We press Cider on Tuesday, Thursday, Saturday and Sunday. The best time to watch is between 10am-12pm. Please keep in mind that sometimes they finish early and sometimes they finish late. There is no charge to watch them press.
1/2 Peck= $4.00
1/2 Bushel= $15.00
APPLES VARIETIES WE NOW HAVE
We also have Pumpkins!
Hungry for lunch, breakfast or take-out??
Check out the Diner around the corner from the Cider Mill, located on Rt 12.
Forrest and Kaitlyn Steiner have expanded and improved upon the store,
Steiner's General Store, and now have a diner! Specials for lunch everyday.
Check them out on Facebook at Steiner's General LLC.
Steiner's General Store.
Please stop in to see the them and watch for some exciting additions.
**NOTE... They are carrying many of your favorite items, from the Mill, during our off season.
Look for the Cider Mill on Facebook at
FANS OF THE BURRVILLE CIDER MILL
We are on Instagram too!
**The next generation**
The Burrville Cider Mill is one of Jefferson County's oldest establishments. The structure, formerly known as Burr's Mills, was built in 1801 and was originally used as a sawmill and a gristmill.
The Mill is located at the headwaters of the North Branch of the Sandy Creek on a 30-foot waterfall that was used to turn a turbine that powered the Mill equipment. Actually, the village of Burrville was settled before nearby Watertown. The reason being that the Black River that runs through Watertown was considered too immense to harness but the falls at Burrville were easily controlled.
Capt. John Burr, whom Burrville is named after, purchased the Mill in 1802. Not much is known about Capt. Burr but it is rumored that he was a pirate who would steal from the supply ships out on Lake Ontario and then sell the goods back to the troops in Sackets Harbor. Some even say his ghost still visits the Mill.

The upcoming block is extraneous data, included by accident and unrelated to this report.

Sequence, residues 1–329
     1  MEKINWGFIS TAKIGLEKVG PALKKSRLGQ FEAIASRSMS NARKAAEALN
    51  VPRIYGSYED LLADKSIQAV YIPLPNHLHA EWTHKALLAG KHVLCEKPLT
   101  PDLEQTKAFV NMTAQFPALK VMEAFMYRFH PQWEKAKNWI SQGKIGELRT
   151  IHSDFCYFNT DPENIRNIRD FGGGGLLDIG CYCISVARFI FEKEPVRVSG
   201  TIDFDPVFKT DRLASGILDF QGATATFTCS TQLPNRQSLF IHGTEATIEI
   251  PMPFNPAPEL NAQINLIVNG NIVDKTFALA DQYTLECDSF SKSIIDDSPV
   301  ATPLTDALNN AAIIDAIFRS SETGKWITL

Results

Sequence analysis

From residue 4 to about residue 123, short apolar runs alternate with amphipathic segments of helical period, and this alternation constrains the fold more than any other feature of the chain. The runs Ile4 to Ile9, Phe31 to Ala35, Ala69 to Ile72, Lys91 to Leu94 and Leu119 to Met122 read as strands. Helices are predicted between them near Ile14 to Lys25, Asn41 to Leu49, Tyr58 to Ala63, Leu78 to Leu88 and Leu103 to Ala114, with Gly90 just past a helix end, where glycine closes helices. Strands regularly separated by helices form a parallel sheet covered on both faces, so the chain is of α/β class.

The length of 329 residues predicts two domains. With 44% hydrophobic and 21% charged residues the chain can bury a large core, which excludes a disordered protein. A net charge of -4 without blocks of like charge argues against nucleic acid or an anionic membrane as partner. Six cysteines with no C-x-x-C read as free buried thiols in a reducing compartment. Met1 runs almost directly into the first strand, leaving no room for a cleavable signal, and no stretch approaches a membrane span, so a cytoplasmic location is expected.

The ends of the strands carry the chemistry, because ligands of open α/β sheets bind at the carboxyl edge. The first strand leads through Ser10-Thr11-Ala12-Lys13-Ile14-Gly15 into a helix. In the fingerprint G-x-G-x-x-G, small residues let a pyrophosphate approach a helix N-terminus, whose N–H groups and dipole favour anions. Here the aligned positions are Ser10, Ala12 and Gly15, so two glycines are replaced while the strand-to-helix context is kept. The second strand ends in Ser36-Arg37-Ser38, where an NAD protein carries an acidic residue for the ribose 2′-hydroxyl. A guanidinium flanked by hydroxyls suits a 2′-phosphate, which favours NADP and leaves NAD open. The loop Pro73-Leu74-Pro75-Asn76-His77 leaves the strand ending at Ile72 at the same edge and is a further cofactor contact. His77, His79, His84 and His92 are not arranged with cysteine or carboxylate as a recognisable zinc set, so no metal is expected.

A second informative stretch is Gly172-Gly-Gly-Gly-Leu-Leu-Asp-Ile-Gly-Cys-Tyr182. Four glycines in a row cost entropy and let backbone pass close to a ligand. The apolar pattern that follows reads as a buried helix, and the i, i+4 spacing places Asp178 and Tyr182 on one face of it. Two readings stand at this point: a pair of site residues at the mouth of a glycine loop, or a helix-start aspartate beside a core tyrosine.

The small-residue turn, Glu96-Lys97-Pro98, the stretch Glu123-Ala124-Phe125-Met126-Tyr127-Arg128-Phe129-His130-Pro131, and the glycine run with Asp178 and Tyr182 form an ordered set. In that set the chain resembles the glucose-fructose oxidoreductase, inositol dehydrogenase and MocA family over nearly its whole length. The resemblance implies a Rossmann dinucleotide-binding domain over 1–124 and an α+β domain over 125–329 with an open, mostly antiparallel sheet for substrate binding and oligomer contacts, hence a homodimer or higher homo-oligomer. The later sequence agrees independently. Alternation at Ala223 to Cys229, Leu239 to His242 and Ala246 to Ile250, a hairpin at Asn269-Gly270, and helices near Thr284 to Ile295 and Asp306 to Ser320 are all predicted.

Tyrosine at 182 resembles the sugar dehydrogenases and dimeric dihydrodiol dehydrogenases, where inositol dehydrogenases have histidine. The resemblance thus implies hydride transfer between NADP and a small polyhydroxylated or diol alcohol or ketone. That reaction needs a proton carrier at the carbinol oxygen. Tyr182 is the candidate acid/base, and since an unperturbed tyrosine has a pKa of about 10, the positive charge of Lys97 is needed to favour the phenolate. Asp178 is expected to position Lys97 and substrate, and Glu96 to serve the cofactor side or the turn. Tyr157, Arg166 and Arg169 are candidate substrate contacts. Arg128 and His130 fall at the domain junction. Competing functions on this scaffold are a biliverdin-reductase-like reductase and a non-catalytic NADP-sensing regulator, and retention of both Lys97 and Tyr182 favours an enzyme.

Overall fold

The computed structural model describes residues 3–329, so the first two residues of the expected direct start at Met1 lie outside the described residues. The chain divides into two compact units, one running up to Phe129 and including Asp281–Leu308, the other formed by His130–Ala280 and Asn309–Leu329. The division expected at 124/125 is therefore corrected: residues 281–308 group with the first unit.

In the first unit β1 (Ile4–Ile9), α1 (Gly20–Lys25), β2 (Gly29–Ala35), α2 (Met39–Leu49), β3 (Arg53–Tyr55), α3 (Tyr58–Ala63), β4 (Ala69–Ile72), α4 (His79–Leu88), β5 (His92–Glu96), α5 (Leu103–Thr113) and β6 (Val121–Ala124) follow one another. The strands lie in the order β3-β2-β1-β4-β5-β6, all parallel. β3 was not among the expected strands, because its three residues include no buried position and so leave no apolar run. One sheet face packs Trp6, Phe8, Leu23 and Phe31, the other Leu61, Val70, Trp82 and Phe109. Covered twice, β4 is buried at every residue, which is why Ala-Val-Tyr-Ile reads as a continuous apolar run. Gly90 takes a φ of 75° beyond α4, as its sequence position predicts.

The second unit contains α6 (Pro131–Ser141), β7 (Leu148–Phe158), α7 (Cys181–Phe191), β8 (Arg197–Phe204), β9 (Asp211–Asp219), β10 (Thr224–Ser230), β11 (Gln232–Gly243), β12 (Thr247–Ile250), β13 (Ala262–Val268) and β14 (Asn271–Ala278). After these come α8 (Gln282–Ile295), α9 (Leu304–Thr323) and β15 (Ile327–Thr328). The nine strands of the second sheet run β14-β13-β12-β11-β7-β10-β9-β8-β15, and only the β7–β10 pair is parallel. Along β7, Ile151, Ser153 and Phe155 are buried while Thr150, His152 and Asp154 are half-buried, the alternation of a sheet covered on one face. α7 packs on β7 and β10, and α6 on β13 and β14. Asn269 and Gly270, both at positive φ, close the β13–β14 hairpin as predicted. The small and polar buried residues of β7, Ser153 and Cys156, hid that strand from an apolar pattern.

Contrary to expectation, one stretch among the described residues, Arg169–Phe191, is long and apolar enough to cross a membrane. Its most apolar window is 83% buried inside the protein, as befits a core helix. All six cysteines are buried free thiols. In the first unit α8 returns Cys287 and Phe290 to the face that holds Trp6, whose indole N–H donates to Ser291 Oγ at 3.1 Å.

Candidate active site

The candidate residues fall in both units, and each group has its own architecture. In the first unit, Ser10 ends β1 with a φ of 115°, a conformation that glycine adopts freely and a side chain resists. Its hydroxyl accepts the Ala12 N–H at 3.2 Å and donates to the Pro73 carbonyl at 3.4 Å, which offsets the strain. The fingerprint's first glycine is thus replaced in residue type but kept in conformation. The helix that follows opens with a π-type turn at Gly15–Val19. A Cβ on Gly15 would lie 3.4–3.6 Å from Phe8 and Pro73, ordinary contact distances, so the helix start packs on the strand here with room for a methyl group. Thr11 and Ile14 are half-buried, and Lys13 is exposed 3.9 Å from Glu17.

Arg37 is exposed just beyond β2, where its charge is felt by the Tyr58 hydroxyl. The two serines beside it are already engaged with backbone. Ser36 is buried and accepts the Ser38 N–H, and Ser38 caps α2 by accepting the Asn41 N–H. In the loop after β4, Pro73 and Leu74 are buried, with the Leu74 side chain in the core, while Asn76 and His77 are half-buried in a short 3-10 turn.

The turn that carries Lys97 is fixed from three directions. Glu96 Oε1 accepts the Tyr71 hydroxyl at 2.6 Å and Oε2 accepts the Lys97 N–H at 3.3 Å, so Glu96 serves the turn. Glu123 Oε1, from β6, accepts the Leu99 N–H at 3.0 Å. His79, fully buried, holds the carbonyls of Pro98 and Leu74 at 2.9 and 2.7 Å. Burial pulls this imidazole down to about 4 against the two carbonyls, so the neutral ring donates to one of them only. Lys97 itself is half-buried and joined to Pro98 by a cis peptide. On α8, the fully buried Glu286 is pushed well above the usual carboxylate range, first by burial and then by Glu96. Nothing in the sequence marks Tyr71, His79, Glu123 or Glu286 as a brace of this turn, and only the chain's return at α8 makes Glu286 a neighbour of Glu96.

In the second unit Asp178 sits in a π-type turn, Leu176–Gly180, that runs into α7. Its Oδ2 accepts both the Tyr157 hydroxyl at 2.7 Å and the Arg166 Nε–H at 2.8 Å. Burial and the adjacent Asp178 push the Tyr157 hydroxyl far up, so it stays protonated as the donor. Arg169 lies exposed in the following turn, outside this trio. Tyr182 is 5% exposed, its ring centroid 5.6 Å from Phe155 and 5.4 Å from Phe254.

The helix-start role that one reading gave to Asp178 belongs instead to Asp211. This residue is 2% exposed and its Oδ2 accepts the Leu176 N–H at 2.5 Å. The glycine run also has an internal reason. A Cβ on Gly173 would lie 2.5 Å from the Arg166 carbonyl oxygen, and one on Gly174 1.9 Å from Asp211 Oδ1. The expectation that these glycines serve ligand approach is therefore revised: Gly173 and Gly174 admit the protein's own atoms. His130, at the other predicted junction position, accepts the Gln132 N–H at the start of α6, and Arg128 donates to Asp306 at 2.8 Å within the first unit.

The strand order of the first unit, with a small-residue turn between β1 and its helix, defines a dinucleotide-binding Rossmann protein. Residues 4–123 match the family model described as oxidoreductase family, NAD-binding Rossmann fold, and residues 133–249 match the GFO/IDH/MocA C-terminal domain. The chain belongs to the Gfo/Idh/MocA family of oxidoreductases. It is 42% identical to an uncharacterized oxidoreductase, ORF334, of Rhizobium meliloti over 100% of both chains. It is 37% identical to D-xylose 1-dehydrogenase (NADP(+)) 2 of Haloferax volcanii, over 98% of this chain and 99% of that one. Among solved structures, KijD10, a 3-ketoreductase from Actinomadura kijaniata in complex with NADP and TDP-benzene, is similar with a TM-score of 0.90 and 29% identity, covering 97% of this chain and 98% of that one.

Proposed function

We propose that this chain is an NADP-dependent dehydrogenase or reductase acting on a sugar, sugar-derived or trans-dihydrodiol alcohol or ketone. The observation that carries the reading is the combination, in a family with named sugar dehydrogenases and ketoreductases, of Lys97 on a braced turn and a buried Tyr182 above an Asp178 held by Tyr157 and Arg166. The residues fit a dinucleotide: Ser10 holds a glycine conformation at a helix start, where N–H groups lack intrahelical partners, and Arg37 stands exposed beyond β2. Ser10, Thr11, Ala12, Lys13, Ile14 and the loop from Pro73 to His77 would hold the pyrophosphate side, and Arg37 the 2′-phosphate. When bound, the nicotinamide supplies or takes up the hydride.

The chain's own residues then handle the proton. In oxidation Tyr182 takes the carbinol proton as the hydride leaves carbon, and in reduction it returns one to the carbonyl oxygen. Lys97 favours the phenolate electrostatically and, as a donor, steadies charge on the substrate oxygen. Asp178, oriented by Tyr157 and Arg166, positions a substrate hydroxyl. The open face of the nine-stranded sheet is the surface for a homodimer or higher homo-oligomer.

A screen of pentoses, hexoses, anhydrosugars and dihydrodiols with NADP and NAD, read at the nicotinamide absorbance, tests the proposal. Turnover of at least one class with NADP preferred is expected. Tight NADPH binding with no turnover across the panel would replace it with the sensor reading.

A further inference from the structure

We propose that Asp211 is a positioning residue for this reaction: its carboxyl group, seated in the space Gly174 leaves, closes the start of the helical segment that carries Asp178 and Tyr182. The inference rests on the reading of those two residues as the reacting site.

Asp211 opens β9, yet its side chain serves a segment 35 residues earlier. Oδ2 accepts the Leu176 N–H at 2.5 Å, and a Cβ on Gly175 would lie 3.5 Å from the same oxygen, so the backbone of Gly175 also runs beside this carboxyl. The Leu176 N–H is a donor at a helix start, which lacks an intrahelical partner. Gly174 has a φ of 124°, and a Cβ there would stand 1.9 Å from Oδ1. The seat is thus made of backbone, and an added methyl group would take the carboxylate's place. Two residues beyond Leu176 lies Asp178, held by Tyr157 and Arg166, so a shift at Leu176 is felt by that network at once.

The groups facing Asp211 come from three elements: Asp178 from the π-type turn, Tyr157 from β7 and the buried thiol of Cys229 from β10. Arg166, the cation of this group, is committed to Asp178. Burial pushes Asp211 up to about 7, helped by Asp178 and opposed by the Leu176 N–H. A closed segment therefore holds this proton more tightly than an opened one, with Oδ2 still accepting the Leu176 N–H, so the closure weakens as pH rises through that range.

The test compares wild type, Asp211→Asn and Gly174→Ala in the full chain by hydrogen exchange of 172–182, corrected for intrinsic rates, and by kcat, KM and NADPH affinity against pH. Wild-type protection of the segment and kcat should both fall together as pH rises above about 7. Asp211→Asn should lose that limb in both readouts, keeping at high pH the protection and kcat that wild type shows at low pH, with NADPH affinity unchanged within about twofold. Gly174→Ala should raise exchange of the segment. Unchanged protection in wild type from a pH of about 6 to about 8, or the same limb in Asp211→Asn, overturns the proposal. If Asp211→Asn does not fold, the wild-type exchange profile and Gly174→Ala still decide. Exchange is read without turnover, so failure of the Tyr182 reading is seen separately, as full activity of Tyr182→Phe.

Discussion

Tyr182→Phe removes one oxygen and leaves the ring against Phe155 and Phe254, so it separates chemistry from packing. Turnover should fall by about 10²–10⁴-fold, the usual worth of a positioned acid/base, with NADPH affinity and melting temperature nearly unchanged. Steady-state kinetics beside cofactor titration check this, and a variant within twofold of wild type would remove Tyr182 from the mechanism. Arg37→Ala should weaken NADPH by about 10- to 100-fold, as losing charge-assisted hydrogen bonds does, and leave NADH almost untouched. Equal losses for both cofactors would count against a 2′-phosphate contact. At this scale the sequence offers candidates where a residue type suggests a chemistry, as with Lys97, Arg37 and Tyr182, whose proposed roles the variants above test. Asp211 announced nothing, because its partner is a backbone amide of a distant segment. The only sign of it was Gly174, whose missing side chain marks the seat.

There is record of a cider press being in use at the Mill as far back as the 1800s. In the 1940s Homer Rebb converted the Mill to cider production on a commercial scale. Ever since then "Burrville Cider" has been known as the best cider in the North Country.
Electricity, rather than waterpower, now runs the Mill equipment. Remnants of the old penstock, a water tunnel, are still there though, and all of our visitors are encouraged to take a stroll on the decks over looking the falls. The feel of the mist and the roar of the falls is an experience you will not soon forget.
We open for the season each year "in time for" Labor Day and close "in time for" Thanksgiving.
THANK YOU for your Interest and Support!
ATTRACTIONS Come watch us press the North Countrys best Sweet Apple Cider. Blending different varieties of apples makes the best cider. We buy our apples from all over New York State at their peak of ripeness and then each apple is visually and physically inspected so that only the highest quality apples are used. We press Cider every Tuesday, Thursday, Saturday and Sunday. You are welcome to a self guided tour when we are pressing. The best hours to view are between 10am and noon, at times they may press later in the day. As you tour the Mill you will be greeted by the sweet smell of apples being pressed into cider, and freshly fried cider donuts still too hot to touch. Located between the Thousand Islands and Adirondack Regions of New York, the Mill has been a historic landmark and family tradition for several generations.
Be sure to bring your camera along when you visit. The view of the falls from the decks with the backdrop of the Autumn leaves is a picture you will not want to leave without.
Sign created for us by: Donna Bennett
Our very own Johnny Appleseed handcarved by: Tim Sullivan